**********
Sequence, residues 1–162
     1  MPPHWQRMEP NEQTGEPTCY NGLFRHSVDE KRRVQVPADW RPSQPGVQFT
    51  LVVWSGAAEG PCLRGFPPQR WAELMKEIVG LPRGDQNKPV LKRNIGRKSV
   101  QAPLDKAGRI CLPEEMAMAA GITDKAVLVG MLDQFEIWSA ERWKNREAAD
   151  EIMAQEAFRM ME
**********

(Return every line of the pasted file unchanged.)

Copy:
Sequence, residues 1–162
     1  MPPHWQRMEP NEQTGEPTCY NGLFRHSVDE KRRVQVPADW RPSQPGVQFT
    51  LVVWSGAAEG PCLRGFPPQR WAELMKEIVG LPRGDQNKPV LKRNIGRKSV
   101  QAPLDKAGRI CLPEEMAMAA GITDKAVLVG MLDQFEIWSA ERWKNREAAD
   151  EIMAQEAFRM ME